An armed insurgency in Sinai, where jihadists have declared loyalty to the so-called Islamic State, and a steady series of terrorist attacks in the rest of the country have convinced many Egyptians that their country needs the new marque of authoritarianism offered by President Abdel Fattah al-Sisi, Egypt’s imperious leader. Al-Sisi, who led the 2013 takeover and was elected the following year with an eyebrow-raising 96 per cent of the vote, had served as head of military intelligence under Mubarak. His new interior minister, appointed in March, shares a similar pedigree: Magdy Abdel Ghaffar is a former chief of Homeland Security. “It’s like the security services are controlling everything in Egypt now,” Nada Saad, a human rights lawyer, told me.

It might seem that Egypt’s security state is simply returning to its old ways but that is not quite accurate. The feeling, often expressed by activists and lawyers here, is that this new wave of repression seems to sweep up citizens indiscriminately. Mohamed Elmessiry, an Egypt researcher at Amnesty International, told me that he had spoken to someone who had spent 11 years in detention under Mubarak and then been detained by Homeland Security. “[He] said at least under the Mubarak government, national security knew what they were doing and who they wanted. National security [operatives] now are completely random: they arrest people randomly; they charge and investigate and torture people randomly.”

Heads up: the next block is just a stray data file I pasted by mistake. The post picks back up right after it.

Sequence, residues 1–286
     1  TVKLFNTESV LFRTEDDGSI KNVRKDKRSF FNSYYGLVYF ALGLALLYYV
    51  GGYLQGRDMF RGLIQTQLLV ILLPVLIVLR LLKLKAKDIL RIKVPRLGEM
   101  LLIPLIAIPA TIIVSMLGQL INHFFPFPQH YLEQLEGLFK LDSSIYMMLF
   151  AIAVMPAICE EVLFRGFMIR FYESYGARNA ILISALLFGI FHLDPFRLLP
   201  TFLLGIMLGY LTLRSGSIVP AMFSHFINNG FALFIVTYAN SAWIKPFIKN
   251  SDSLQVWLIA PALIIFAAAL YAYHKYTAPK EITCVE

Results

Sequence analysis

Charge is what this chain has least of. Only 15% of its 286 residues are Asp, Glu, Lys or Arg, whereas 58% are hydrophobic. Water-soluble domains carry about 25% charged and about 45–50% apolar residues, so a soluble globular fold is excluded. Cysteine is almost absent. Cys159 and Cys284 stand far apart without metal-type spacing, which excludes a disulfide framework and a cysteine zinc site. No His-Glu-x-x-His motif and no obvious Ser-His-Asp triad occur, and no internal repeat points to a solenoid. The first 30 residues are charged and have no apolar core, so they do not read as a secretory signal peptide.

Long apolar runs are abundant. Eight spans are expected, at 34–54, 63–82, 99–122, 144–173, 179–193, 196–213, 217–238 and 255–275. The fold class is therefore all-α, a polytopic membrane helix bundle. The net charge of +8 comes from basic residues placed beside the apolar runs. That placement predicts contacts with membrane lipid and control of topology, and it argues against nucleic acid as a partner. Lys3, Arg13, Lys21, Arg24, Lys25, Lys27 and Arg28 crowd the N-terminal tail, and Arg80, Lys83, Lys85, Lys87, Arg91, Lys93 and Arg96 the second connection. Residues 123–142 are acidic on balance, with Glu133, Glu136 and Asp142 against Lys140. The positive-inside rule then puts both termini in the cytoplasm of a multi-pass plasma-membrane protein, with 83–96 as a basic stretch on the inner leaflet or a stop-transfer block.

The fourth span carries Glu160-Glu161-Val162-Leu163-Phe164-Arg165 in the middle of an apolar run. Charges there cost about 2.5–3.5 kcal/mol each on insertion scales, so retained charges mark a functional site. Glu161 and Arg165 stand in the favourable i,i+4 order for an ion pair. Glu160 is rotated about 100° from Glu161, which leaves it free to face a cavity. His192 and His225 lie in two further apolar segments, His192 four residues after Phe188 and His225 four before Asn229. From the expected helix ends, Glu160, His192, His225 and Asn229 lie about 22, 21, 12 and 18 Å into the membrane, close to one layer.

On 17 June, the first day of Ramadan and 16 days after Esraa went missing, Duaa finally saw her sister. A stranger had called Duaa to say that she had spotted Esraa in al-Qanater women’s prison in Cairo. When Duaa arrived at the gate of al-Qanater, the guard on duty remembered the young woman who had arrived alone and been unable to walk, and advised Duaa to wait with him rather than go inside the prison. Though neither the family nor her lawyers had been informed, Esraa was due to be transferred to court for a hearing. A few minutes later, Duaa saw her sister being escorted into a police van. She called out her name and Esraa, fearing for Duaa’s safety, burst into tears and asked her to leave. Duaa called Halim Hanish, the lawyer acting for her sister.